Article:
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Gaza humanitarian plight 'disastrous,' U.N. official says

  • Story Highlights
  • Injured people being turned away from Gaza hospitals, U.N. aid official says
  • Hospitals don't have supplies that would be standard in U.S., he says
  • U.N.'s Christopher Gunness says attacks in Gaza are not in Israel's interest
  • Gaza headed for "major humanitarian disaster," says a Gaza psychiatrist
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(CNN) -- Israeli airstrikes pounding Gaza are deepening the humanitarian crisis in an area that was already in deep distress, according to a United Nations aid official.

A wounded Palestinian woman lies with her baby at the Shifa hospital in Gaza City on Sunday.

A man carries a wounded Palestinian boy into a hospital in Gaza City on Sunday.

"The situation is absolutely disastrous," U.N. official Christopher Gunness told CNN on Sunday, as a second day of aerial attacks brought the death toll in Gaza close to 300. Hundreds more people have been injured.

Israel has said the airstrikes are a necessary self-defense measure after repeated rocket attacks from Gaza into southern Israel by Hamas militants. Israeli leaders say they are trying to minimize civilian casualties in Gaza.

Gaza is headed for "a major humanitarian disaster" unless the fighting ends soon, said Dr. Eyad El-Sarraj, a psychiatrist who runs Gaza's mental health program. Photo See photos of Gaza in crisis »

He described people huddling in their basements for safety as bombs fell.

"The children are terrified," he said. "Adults are unable to provide them with security or warmth. Hospitals are stretched out of the limits. We need blood and medicine and surgical equipment."

"People are suffering and dying because of shortages of medical equipment," said Dr. Mahmoud el-Khazndar, who works at Gaza City's Shifa Hospital. "The hospital is not accustomed to accept mass casualties like this."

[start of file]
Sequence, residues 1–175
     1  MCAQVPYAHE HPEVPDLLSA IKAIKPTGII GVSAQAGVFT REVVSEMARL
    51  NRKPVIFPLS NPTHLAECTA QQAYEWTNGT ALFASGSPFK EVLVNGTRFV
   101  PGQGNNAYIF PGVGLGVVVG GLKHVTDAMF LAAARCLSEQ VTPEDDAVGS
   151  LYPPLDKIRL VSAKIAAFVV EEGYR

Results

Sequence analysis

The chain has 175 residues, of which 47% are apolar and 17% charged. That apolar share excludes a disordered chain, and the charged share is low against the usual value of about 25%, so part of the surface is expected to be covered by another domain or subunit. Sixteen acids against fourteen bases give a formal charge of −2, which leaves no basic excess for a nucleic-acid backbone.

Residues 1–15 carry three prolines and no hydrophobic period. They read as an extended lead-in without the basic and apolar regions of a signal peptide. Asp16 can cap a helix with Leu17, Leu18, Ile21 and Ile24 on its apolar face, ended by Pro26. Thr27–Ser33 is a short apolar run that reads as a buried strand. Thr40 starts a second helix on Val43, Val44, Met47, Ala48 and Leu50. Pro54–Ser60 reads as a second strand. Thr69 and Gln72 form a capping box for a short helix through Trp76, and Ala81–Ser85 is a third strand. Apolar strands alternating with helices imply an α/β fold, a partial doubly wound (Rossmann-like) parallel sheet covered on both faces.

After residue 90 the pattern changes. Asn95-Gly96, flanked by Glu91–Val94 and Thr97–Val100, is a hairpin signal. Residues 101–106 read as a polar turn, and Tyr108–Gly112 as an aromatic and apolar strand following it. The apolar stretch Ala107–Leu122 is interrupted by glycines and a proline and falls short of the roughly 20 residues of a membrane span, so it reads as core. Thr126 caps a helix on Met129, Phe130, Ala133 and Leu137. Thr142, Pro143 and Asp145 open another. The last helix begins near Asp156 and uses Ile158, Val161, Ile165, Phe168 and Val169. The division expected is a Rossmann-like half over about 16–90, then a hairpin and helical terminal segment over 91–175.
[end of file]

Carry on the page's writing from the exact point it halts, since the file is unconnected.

Gunness, a spokesman for the U.N. Relief and Works Agency for Palestinian Refugees (UNRWA), said the agency has been unable to get needed medical supplies into Gaza for more than a year, because of Israel's blockade of border crossings.

"Long, long lists of drugs and other medical supplies which in the U.S. would be considered standard in any hospital -- they're just not available in Gaza," he said. "When people have been turning up for treatment following this massive attack, they are simply being turned away. If you've got things like shattered limbs, broken arms, broken legs, feet blown off, that kind of thing, you're simply not being seen. If you've got very light injuries and you need bandages or aspirins, you'll get seen."

The United Nations Security Council held a four-hour emergency meeting early Sunday on the situation, ending with a call for an immediate halt to violence. The council also called for a reopening of border crossings to allow humanitarian supplies to reach those in Gaza. Video Watch Security Council statement on situation »

Israel did give in to requests from the Red Cross and others to allow 30 trucks loaded with fuel, food and medical supplies to pass into Gaza through the Kerem Shalom crossing Sunday morning, along with five ambulances contributed by Egypt, an Israeli security source said.

However, a senior Israeli military official said that the air raids will continue, and that Israeli ground troops deployed around Gaza will "be activated if needed."

The Red Cross and World Food Program trucks that moved across the border Sunday were the first deliveries allowed by Israel since 80 trucks moved through on Friday.

The Security Council also "called for all parties to address the serious humanitarian and economic needs in Gaza and to take necessary measures including opening all border crossings to ensure the continuous provision of humanitarian supplies, including the supplies of food, fuel and provision of medical treatment."

Gunness said Israel cooperates with his agency's efforts to get humanitarian supplies into Gaza -- but that's not enough.

"We have a good working relationship with Israelis on the ground," he said. "But at the political level, it seems that there is some kind of determination that there should be no development, there should be no prosperity inside Gaza."

Israeli Prime Minister Ehud Olmert told ministers at a weekly Cabinet meeting Sunday that the situation in southern Israel along the Gaza border "is liable to continue for some time, perhaps more than can be foreseen at the present time."

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Gunness urged both sides to stop the violence and talk, saying the bombardment of Gaza doesn't serve Israel's strategic interests.

"To have tens of thousands, indeed hundreds of thousands, of angry, hungry, desperate people on the borders of Israel is not in Israel's interest," he said. "It's only the militants, it's only the extremists who benefit from the situation in Gaza."

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